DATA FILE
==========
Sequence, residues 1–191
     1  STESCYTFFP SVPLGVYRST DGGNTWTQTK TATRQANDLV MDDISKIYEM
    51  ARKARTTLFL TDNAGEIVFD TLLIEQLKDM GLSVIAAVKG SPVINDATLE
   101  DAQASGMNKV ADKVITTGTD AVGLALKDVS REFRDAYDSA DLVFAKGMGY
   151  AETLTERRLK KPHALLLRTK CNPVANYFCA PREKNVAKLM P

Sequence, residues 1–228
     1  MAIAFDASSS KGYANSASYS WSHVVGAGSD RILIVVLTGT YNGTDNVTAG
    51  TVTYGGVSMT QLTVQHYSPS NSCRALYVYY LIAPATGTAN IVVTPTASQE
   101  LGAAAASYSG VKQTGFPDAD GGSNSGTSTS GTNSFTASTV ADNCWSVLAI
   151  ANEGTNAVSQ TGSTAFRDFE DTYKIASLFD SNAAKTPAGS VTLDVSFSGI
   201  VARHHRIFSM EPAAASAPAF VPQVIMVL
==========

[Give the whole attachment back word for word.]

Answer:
Sequence, residues 1–191
     1  STESCYTFFP SVPLGVYRST DGGNTWTQTK TATRQANDLV MDDISKIYEM
    51  ARKARTTLFL TDNAGEIVFD TLLIEQLKDM GLSVIAAVKG SPVINDATLE
   101  DAQASGMNKV ADKVITTGTD AVGLALKDVS REFRDAYDSA DLVFAKGMGY
   151  AETLTERRLK KPHALLLRTK CNPVANYFCA PREKNVAKLM P

Sequence, residues 1–228
     1  MAIAFDASSS KGYANSASYS WSHVVGAGSD RILIVVLTGT YNGTDNVTAG
    51  TVTYGGVSMT QLTVQHYSPS NSCRALYVYY LIAPATGTAN IVVTPTASQE
   101  LGAAAASYSG VKQTGFPDAD GGSNSGTSTS GTNSFTASTV ADNCWSVLAI
   151  ANEGTNAVSQ TGSTAFRDFE DTYKIASLFD SNAAKTPAGS VTLDVSFSGI
   201  VARHHRIFSM EPAAASAPAF VPQVIMVL